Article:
Parents’ Rights Movement Spurs New Age of Advocacy in Local School Board Races

By John Haughey
John Haughey
John Haughey
John Haughey has been a working journalist since 1978 with an extensive background in local government, state legislatures, and growth and development. A graduate of the University of Wyoming, he is a Navy veteran who fought fires at sea during three deployments aboard USS Constellation. He’s been a reporter for daily newspapers in California, Washington, Wyoming, New York, and Florida; a staff writer for Manhattan-based business trade publications.
March 11, 2022 Updated: March 12, 2022

Two years ago, Ryan Girdusky was a New York-based reporter for conservative news sites, Tiffany Justice was a former Florida school board member and mother of four school-aged children, and Steve Maxwell was focused on growing his agricultural software business across the Southeast.

None had experience in orchestrating political advocacy, recruiting candidates to run for public office, or financing elections on a coordinated, national scale.

But when anger over closed schools and pandemic restrictions galvanized a parents’ rights movement in spring 2020, Girdusky, Justice, and Maxwell were among chief influencers in spurring the grassroots formation of more than 200 parents groups in school districts across the country, according to a Washington Post canvass.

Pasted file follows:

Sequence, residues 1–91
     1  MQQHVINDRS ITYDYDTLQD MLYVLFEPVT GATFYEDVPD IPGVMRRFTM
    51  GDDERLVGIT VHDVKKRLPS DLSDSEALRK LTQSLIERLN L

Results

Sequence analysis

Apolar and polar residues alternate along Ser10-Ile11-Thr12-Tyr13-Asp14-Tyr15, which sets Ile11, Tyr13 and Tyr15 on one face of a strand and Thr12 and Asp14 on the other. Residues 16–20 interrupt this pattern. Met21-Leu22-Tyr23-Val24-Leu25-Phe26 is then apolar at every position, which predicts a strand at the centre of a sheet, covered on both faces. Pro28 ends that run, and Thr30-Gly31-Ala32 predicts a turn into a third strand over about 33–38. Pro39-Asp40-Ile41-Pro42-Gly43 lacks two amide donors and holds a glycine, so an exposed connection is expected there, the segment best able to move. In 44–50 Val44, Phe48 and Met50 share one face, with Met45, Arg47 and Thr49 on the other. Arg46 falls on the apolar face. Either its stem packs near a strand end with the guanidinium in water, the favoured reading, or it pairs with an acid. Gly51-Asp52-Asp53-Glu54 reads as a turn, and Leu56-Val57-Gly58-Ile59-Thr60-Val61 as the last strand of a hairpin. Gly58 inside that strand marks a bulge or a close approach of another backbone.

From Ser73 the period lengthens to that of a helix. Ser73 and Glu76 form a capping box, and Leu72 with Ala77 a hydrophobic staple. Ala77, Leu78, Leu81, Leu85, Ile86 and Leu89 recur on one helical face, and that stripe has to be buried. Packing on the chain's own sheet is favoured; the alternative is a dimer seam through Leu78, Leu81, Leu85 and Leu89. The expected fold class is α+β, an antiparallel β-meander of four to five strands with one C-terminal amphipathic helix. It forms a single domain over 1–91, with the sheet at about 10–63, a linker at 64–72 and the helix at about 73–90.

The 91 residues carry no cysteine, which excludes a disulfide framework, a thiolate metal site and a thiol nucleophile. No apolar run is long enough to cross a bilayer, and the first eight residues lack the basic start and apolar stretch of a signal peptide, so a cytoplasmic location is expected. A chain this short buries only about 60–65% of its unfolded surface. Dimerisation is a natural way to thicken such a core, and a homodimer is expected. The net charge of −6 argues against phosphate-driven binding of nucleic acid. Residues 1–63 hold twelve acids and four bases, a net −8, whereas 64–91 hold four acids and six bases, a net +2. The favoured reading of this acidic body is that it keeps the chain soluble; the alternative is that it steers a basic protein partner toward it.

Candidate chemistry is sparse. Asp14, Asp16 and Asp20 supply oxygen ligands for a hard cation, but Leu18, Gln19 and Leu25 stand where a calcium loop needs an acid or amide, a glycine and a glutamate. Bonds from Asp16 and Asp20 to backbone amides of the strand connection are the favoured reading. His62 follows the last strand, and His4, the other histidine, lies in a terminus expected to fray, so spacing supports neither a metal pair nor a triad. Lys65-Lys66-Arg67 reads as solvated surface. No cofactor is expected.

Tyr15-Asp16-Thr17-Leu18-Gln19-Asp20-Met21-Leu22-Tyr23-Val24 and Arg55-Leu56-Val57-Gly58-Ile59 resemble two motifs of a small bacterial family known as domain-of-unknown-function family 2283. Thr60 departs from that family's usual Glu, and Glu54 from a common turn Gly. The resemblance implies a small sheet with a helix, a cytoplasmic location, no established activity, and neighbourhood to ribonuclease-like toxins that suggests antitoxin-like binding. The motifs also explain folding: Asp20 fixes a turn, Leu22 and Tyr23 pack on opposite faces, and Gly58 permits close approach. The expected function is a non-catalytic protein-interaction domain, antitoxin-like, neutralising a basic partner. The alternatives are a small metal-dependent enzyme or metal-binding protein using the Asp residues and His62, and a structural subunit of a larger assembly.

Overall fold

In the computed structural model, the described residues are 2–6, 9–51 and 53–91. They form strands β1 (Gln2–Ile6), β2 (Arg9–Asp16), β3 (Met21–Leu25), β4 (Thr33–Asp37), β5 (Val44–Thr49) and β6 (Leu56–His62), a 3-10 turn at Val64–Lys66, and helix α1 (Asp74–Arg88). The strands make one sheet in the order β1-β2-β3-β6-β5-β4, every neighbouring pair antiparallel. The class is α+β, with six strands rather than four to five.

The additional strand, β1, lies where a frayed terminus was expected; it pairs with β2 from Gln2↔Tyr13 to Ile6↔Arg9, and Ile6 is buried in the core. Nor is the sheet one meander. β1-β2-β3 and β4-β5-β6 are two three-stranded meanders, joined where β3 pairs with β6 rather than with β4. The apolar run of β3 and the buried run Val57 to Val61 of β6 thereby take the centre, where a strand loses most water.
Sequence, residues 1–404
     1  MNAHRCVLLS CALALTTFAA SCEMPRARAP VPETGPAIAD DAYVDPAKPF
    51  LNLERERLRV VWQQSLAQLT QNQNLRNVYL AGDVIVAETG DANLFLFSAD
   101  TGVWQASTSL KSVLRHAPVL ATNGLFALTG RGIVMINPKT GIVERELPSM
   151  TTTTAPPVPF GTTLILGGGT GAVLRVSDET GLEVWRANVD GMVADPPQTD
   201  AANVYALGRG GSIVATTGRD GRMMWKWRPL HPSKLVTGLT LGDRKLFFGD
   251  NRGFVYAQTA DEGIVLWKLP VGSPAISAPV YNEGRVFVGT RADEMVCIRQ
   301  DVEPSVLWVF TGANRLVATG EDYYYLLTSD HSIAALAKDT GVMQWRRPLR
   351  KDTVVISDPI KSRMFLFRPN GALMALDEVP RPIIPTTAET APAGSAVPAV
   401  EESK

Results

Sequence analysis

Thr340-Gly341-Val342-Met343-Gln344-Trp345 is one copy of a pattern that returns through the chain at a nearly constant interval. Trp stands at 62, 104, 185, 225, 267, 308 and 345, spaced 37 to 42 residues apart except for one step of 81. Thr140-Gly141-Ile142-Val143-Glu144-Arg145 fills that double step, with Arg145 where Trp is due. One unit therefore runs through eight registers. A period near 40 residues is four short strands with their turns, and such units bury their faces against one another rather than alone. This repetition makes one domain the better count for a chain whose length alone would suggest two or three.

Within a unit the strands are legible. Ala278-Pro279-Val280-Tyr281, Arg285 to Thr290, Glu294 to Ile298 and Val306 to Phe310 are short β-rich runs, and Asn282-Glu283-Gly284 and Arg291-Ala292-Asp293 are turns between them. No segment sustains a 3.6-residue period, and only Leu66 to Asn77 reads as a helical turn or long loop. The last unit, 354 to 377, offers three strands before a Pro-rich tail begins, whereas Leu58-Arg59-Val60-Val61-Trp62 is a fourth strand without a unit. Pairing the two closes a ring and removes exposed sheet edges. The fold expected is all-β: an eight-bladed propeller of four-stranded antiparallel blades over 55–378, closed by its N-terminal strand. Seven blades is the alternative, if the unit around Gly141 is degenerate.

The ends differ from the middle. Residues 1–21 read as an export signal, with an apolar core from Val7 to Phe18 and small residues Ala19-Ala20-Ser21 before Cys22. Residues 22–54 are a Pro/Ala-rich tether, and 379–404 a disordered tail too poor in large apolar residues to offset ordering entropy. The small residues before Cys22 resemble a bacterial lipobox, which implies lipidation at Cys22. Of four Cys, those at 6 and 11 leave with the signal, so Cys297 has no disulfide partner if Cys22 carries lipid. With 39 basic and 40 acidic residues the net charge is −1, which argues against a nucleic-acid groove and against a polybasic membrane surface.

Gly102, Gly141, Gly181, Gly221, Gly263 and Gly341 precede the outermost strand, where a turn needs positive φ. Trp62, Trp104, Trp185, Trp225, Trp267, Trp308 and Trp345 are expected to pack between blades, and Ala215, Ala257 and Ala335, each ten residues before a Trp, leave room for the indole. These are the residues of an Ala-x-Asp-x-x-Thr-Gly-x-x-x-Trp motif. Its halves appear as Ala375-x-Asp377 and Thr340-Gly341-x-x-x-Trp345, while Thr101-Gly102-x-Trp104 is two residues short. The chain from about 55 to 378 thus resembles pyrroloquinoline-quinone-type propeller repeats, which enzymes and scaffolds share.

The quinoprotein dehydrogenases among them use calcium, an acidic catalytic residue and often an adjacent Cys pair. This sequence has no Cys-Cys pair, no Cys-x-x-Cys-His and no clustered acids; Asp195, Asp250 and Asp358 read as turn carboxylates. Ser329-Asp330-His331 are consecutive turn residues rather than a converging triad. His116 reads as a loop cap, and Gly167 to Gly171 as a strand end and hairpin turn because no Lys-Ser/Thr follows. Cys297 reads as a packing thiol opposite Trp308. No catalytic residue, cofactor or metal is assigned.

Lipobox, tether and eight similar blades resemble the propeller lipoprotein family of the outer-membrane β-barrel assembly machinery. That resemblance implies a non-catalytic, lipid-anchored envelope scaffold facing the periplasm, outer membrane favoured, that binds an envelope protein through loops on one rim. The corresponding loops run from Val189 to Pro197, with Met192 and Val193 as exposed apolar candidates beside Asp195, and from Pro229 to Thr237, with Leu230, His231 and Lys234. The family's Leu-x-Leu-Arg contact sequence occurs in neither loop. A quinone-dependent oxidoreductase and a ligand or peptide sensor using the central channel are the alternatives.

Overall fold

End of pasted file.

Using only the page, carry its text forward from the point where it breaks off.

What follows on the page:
They have since grown that seminal groundswell into sustained campaigns to eliminate vestiges of Critical Race Theory from K-12 curriculum and ensure materials are “age-appropriate,” demanding books deemed “inappropriate” be pulled from school shelves; and removing targeted board members—there were 92 recall attempts lodged against 237 school board members nationwide in 2021, a huge spike from the average of about 30 recall attempts every year since 2009, according to Ballotpedia.

Grassroots Uprising of Parents

When the 2022 election cycle kicks into high gear this spring, the three will be spearheading campaigns for hand-picked candidates in hundreds of school board races this summer and fall.

In May 2021, Girdusky established the 1776 Project Political Action Committee with the Federal Elections Commission. The first federal super PAC for school board elections, its stated mission is to elect conservatives for school boards nationwide.

By late last summer, 15,000 people had contributed about $135,000 in “small-dollar donations,” allowing the “Little PAC” to back 58 November 2021 school board candidates in 29 elections in seven states with digital ads, direct-mail circulars, and campaign materials.

Forty-two prevailed, including in Democrat-controlled counties, which Girdusky said confirms there is a coalescing nonpartisan—or pan-partisan—grassroots uprising of parents angry with “the apparatus of the school system,” perceived Leftist domination and anti-Christian indoctrination.

The 1776 Project will contribute to and coordinate “hundreds” of 2022 school board campaigns nationwide and, he predicts, “We will flip 300 school board seats. That is our goal.”